The Indian team’s revival from hitting rock bottom could be one of the most astonishing and mostbet performances by any side in the history of the game. A dejected, destroyed and depleted Indian team, without Mohammed Shami, one of their main bowlers and their most trusted batsman and captain in Virat Kohli, looked to be a side ready for slaughter. A team that had none of their batsmen reach a double-figure in the second innings of the first Test was a bunch that needed a complete change of attitude and approach.
The team’s success can be attributed to the work behind the scenes by the support staff as well as players, who highlighted the newfound confident attitude of the present-day Indian. One was skeptical as to whether this Indian side had that inherent character to get up and fight after having suffered a knock-out punch. For them to do so was a grand moment for Indian cricket.
The Indian think tank needs to be complimented for bringing in four new players in Ravindra Jadeja, Rishabh Pant, and debutants Shubman Gill and Mohammed Siraj. For all of them, sitting on the bench during the first Test match and watching their colleagues being humiliated by the opponents must have been an agonizing experience. Each one was unable to do anything about it at that time but must have been mentally charged to take revenge. I remember having a similar feeling when I was in the reserves and felt helpless when the Indian side was in the same state at that time as well.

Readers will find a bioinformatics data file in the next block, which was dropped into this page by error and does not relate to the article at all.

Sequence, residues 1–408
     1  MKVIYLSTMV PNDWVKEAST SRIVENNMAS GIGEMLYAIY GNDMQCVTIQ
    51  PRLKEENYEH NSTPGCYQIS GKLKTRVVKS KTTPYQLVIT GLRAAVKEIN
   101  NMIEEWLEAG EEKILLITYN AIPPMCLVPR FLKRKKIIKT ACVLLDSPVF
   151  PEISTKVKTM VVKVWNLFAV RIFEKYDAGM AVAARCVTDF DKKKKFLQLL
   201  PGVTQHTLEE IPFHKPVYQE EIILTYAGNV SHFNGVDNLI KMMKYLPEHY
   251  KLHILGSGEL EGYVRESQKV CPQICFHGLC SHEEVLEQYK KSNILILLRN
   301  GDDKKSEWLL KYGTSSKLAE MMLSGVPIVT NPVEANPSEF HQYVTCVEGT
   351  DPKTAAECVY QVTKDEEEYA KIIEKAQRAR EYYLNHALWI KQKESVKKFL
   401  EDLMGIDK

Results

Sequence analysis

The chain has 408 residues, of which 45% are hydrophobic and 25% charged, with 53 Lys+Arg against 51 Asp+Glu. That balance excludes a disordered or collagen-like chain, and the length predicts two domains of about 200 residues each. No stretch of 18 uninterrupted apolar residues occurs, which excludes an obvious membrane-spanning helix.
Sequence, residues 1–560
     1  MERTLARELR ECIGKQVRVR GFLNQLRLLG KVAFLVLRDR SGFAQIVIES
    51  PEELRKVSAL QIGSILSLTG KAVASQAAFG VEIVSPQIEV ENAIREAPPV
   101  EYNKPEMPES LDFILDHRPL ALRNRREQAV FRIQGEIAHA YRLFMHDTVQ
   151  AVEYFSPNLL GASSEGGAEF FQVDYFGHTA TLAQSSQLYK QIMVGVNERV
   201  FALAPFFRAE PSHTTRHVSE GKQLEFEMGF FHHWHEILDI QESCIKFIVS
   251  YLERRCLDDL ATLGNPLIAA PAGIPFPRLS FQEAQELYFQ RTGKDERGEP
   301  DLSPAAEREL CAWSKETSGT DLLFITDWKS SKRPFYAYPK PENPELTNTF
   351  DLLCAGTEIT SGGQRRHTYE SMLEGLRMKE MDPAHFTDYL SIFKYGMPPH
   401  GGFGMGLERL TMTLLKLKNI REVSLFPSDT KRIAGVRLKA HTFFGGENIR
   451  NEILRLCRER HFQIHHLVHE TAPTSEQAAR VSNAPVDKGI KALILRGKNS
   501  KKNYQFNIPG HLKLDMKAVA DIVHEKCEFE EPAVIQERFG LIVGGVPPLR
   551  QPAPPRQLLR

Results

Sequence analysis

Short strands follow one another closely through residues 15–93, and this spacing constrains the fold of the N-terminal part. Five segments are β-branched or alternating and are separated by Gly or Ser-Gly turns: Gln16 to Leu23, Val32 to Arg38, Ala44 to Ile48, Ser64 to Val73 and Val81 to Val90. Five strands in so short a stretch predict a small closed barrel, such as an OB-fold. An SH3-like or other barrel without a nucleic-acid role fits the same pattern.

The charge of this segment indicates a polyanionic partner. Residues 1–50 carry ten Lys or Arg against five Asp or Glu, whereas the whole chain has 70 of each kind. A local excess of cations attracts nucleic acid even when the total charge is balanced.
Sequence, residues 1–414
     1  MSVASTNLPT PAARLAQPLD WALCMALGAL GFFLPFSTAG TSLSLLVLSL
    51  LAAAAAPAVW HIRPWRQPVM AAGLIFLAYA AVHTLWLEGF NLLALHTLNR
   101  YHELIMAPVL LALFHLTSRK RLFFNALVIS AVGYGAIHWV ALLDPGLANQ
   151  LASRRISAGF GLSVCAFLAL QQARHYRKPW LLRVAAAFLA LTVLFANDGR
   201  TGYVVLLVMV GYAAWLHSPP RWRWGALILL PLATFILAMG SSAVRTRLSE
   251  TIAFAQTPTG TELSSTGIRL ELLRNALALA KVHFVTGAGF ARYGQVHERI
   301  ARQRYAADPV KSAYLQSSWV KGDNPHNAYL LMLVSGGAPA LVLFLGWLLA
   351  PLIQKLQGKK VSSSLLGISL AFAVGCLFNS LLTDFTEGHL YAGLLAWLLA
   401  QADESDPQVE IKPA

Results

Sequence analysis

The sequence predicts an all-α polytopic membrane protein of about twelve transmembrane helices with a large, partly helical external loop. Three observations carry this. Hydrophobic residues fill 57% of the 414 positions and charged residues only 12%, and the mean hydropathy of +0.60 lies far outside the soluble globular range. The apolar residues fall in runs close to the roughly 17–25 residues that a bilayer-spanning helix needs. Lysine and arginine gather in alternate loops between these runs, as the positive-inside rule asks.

One wondered as to whether, without the forceful, aggressive, and over-powering attitude of Virat Kohli, India would be able to stand up to the Australian side. The mantle of leadership was also a point of concern as it was being handed over to Ajinkya Rahane, a quiet, calculating, and entirely different individual. Successful people, as they say, always have two things on their lips: ‘silence and a smile’, and Rahane seems to fall into that category. He follows and practices the Vedanta philosophy of life.